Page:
Honestly I’ve only started diligently listening to DotNetRocks in the last month. Shame on me I know. BUT! I backtracked some sessions on F# and Functional Programming. BEST… IDEA… EVER!!! I started looking into the capabilities of F# and feel strongly that I needed to get smart on the topic. We’ve been trying to optimize PDFx for some time now and have a few more tricks up our selves, but that doesn’t mean that it’s THE right way to do formulas. It’s certainly a really good one, but best? To be determined. Functional programming seems like a very intuitive way to handle formulas. After listening to how easy it is to parallelize work in F# I was sold. Functional programming forces you to think differently. Everything is immutable by default in F# and therefore the old ways in C# of looping and creating are over. This help preserve the integrity of your formulas and data which sounds great. Plus, would be no need for property registrations or lambdas and therefore load time, in theory, would only be bottlenecked by instantiating C# objects from the database. The question is runtime performance, which is still to be determined.

Approach – C# vs. F# Formula Comparison App

Since PDFx is open source we wanted to find a way to show it off in all it’s glory. We created a sample formula model in Excel and implemented it in C# using PDFx. The effort to create the workbook took longer than the 2 days it took me to implement the software solution. With this example we have been able to recreate the performance conditions that one of our clients has. Which is really great news! Because this means it is the perfect sample to implement in F# to see if it is more performant than it’s C# cousin. So far F# has taken me a longer period of time to implement, but only because it’s a new language. In fact, I already feel confident that I would be WAY faster in F# than in C# when dealing with formulas like this sample. I’m really excited to see the final results and of course the sample app and Excel workbook will be released as proving points. So look forward to more on this subject.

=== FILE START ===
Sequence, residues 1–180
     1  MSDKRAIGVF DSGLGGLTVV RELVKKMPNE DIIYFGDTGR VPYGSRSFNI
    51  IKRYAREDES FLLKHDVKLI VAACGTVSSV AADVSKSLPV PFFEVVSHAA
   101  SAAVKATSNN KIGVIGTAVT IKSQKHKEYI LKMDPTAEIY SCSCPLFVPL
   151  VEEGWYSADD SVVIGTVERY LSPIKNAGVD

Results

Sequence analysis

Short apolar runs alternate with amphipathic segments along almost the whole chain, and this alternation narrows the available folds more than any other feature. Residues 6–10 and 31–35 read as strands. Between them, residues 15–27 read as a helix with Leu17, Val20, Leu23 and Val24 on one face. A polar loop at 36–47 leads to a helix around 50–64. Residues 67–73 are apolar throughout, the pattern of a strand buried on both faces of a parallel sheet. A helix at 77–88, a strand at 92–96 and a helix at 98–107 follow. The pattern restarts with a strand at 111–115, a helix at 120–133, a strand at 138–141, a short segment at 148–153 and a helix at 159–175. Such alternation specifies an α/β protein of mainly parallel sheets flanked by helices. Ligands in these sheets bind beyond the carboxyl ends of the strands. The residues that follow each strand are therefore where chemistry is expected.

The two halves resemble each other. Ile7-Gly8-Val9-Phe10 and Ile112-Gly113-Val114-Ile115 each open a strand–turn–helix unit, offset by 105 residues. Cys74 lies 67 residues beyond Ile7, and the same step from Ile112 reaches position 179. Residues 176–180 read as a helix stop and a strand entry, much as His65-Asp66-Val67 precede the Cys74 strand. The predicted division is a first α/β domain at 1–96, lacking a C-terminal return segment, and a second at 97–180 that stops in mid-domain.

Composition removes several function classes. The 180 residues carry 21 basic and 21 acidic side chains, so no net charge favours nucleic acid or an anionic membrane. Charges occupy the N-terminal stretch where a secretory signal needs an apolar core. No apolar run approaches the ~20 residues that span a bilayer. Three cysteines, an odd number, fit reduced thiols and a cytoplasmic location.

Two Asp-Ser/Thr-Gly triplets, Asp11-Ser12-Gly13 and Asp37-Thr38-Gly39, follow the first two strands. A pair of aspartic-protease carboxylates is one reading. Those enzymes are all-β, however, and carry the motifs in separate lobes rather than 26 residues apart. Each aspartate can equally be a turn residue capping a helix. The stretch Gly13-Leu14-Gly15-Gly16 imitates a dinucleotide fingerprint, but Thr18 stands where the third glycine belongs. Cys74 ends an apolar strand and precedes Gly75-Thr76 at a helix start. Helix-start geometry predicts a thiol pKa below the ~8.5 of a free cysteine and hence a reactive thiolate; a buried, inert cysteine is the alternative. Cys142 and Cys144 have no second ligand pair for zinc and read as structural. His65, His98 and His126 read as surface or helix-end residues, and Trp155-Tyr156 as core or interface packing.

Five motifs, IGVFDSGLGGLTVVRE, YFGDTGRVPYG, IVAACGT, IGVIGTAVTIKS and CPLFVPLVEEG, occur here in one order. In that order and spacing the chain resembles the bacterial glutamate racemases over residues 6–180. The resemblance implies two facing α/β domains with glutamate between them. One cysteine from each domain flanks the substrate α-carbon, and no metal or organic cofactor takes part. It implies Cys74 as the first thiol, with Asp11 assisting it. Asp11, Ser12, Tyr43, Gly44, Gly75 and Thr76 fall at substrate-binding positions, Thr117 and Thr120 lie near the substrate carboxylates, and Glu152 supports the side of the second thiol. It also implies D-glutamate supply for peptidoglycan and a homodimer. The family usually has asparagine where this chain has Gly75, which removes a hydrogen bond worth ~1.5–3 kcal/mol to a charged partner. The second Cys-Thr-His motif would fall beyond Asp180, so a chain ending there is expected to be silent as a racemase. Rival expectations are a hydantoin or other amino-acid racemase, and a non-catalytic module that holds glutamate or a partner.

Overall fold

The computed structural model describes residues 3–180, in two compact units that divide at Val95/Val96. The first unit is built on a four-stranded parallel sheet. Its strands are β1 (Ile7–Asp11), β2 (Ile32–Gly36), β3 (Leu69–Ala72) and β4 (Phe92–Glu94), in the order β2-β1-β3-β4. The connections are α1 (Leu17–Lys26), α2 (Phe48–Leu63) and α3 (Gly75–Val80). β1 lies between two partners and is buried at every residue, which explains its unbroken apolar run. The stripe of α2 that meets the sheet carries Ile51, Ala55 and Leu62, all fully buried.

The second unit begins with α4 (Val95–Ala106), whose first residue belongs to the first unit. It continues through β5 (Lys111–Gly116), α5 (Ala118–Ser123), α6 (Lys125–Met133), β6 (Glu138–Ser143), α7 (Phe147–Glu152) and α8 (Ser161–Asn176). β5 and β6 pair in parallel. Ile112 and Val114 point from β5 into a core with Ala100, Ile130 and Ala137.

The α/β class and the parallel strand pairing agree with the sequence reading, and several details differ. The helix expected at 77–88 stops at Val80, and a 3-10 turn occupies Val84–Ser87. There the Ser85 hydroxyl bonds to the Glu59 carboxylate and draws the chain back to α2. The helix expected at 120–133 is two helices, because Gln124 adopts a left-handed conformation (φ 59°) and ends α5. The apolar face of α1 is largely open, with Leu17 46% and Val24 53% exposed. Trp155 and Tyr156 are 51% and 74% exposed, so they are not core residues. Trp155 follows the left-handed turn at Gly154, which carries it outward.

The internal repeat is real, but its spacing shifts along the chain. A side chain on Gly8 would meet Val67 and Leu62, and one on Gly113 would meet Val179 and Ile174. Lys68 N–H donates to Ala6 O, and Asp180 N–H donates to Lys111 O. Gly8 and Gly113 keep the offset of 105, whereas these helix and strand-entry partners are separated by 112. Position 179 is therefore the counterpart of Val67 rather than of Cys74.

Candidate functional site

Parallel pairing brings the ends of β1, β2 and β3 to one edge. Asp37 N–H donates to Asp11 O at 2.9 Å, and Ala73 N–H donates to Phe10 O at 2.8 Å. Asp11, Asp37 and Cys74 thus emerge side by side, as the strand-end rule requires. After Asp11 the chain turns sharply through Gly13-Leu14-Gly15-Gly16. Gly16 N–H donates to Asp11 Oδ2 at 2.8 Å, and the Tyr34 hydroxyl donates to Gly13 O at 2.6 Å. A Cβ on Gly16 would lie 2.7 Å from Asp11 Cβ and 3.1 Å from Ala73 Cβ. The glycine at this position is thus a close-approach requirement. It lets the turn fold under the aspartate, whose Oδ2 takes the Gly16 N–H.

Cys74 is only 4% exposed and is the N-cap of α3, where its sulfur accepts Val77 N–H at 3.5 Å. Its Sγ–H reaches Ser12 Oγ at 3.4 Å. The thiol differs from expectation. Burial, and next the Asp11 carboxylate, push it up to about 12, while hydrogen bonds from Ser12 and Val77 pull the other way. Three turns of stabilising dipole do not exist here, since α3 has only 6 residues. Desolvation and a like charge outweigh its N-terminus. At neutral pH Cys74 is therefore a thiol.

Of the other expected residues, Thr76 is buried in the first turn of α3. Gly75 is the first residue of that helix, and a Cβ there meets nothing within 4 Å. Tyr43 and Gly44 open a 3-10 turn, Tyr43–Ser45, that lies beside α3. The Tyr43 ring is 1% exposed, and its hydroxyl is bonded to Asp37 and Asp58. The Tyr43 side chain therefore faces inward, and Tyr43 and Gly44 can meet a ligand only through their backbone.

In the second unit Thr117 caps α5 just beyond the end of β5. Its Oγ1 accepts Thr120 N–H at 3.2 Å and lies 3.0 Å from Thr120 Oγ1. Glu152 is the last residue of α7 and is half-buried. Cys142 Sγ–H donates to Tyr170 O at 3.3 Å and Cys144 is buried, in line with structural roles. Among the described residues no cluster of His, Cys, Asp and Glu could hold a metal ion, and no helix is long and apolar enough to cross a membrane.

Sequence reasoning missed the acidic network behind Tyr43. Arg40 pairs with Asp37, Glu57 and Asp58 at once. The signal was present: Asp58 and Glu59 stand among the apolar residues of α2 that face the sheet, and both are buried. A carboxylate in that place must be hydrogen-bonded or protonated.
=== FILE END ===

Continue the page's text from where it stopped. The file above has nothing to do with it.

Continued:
One major difference about using F# vs. C# & PDfx is that PDFx allows the formula model and the UI model to be the same. In F# this is not true. You need separation between your formula model, which is really the formula inputs and functions, and the UI model. For F# the UI model in our sample app has two mechanisms: GetFormulaInputs(), and ApplyFormulaOutputs(). The F# formula model has 2 main calculations that are called easily from C# with the inputs provided by GetFormulaInputs(). The F# formula model spits out outputs which are then applied in C# via the ApplyFormulaOutputs() method. I’m very close to have this working, but wanted to get my initial thoughts out on the matter first.

Stay Tuned

I’ve been super impressed with F# so far and the community using it. I haven’t struggled too terribly yet, but getting into a functional thought process and thinking in F#, a totally new language to me, has been tough. I have high hopes for the possibilities. The F# Language Reference has become my new best friend!

3 thoughts on “C# to F#: My Initial Experience and Reflections

  1. Pingback: F# Weekly #41, 2013 | Sergey Tihon's Blog

  2. Pingback: C# to F#: I’m a Convert | //InterKnowlogy/ Blogs